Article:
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Amadan na Briona

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Inherent Vice
Thomas Pynchon, Ron McLarty
The Best Horror of the Year Volume Five
Ellen Datlow, Laird Barron, Conrad Williams, Ramsey Campbell
Locus Solus (Alma Classics)
Raymond Roussel
Blackout (Newsflesh Trilogy, #3)
Mira Grant, Paula Christensen, Michael Goldstrom
New Avengers, Vol. 1: Everything Dies - Jonathan Hickman The "Illuminati" presented in this volume is new to me, though apparently it's been a thing in the Marve Universe for a while — representative from several superhero teams/groups meet in secret to try to "manage" the truly world-threatening crises, unknown even to their own friends and family and teammates.

As much as I liked this book, it was hardly an "Avengers" title, even with the participation of several Avengers past and present. The Illuminati now consists of Reed Richards (Mr. Fantastic), Hank McCoy (the Beast, replacing the deceased Charles Xavier), the Black Panther, Dr. Strange, Captain America, Tony Stark (Iron Man), Prince Namor (the Sub-mariner), and Black Bolt, of the Inhumans. Among them they possess the Infinity Gems.

The crisis is the destruction of the entire multiverse. They discover that "incursions" are occurring which cause two parallel Earths to collide, and only one can survive. So the obvious moral dilemma is that by saving their own world, they are dooming another one.

I liked the characters rather more than the story, which seems to be a MacGuffin hunt with guest appearances by everyone from Galactus to Dr. Doom. The "villain," the Black Swan, is very derivative of Galactus's heralds, or the Harbinger from DC's old Crisis On Infinite Earths. With obligatory push-up bustier. I did not find her or her origin story very interesting.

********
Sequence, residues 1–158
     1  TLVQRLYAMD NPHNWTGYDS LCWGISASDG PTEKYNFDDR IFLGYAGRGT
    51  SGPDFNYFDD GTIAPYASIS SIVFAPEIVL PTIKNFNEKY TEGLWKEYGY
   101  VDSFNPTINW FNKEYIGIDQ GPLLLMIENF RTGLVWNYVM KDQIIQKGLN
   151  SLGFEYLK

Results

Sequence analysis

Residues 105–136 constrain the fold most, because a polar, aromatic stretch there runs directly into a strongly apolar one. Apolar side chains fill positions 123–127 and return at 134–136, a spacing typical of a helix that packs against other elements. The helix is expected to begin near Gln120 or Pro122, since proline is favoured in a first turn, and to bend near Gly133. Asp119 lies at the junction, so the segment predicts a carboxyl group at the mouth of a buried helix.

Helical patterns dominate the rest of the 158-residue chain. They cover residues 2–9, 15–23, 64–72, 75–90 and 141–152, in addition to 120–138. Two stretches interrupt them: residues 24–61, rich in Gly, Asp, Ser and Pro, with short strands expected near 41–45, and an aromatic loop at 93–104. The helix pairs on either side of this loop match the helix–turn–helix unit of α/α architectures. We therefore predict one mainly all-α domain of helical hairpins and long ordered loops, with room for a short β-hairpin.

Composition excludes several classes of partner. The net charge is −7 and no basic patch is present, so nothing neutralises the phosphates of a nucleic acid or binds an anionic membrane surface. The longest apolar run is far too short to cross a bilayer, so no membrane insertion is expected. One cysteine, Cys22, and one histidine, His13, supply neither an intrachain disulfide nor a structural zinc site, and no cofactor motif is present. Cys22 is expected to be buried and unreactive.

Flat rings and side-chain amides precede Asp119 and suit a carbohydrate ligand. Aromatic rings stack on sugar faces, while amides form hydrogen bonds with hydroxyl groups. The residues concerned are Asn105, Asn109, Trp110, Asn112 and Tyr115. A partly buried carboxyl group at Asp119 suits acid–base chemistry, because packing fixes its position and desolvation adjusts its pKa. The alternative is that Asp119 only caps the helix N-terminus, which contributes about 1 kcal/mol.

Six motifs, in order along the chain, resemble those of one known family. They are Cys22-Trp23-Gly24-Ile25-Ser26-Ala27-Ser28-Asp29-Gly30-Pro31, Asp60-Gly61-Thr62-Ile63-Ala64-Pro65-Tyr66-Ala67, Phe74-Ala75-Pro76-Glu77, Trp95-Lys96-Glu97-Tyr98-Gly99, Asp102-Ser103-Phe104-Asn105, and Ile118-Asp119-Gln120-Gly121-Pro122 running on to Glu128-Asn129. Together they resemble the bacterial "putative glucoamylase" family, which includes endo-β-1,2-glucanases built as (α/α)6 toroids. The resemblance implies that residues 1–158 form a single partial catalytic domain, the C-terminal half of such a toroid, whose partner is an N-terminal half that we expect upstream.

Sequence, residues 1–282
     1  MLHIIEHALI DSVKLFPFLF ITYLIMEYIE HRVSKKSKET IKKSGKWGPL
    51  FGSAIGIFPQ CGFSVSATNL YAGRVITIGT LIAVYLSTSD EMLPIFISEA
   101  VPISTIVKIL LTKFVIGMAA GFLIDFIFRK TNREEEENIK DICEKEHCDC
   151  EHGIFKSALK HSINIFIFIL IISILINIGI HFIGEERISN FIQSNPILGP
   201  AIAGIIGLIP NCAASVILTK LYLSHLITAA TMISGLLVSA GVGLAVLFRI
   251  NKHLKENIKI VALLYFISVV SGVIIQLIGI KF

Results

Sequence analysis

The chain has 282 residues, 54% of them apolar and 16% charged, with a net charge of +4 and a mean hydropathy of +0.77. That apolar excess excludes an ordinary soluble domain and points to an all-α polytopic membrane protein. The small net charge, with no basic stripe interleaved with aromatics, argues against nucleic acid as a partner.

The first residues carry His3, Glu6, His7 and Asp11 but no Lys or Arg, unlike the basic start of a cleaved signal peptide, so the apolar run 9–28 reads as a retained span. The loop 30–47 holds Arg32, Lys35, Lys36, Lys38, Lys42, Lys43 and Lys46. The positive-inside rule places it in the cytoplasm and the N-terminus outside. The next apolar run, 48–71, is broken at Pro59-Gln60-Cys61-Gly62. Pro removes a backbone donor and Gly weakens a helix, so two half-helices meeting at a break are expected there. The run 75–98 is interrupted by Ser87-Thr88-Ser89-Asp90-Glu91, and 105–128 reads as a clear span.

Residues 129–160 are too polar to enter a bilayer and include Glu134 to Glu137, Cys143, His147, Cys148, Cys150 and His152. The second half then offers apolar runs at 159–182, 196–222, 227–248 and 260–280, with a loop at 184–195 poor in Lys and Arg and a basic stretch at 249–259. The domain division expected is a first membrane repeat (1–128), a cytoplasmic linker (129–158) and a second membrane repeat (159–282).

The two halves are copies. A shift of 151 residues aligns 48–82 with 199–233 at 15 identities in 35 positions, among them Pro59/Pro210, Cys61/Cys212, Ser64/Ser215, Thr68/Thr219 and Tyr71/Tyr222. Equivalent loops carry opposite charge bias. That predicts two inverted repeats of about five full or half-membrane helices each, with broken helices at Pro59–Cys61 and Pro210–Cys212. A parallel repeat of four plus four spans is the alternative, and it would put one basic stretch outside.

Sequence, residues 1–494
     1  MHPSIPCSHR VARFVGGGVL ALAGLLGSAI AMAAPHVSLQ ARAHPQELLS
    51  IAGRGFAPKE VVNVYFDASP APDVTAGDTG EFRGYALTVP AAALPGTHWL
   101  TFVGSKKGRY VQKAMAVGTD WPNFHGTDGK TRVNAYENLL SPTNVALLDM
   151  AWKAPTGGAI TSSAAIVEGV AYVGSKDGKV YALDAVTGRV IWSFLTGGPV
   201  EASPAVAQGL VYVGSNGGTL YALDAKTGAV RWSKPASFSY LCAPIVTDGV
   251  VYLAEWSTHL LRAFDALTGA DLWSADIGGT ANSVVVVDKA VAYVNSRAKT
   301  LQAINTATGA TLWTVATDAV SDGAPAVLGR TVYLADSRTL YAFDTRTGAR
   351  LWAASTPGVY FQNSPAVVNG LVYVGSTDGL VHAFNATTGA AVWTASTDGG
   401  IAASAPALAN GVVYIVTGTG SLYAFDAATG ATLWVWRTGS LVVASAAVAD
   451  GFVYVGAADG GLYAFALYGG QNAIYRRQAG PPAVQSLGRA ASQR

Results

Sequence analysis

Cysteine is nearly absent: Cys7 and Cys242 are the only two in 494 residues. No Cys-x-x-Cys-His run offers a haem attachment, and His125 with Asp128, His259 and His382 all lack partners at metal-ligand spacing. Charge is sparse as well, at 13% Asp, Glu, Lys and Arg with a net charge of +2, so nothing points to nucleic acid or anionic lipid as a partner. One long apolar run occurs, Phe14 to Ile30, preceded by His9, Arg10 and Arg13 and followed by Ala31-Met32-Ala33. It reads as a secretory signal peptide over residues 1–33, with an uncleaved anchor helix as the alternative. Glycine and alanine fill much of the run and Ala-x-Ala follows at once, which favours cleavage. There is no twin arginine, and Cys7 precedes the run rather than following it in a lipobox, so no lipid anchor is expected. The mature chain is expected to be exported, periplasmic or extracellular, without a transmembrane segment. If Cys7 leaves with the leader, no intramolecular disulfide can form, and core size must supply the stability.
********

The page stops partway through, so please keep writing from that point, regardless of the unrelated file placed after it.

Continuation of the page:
There is a lot of interpersonal tension (like Black Panther swearing he's going to kill Namor, since apparently he killed a bunch of Wakandans), and Captain America, as the voice of inflexible right-and-wrong morality, ultimately having to be "dealt with" since he won't go along with the lesser-of-two-evils approach the rest of the team is willing to accept.

Reed Richards is Mr. Pragmatism, Tony Stark had very little dialog. Stephen Strange is haughty and mystic, the Beast is grimly realistic, and Namor is an asshole. The Black Panther doesn't like anyone, and Black Bolt, of course, says nothing.

I will probably pick up the next volume, just to see how the sudden but inevitable betrayal happens. This is an interesting story filled with some of Marvel's heaviest hitters, but it's really not the Avengers we are familiar with.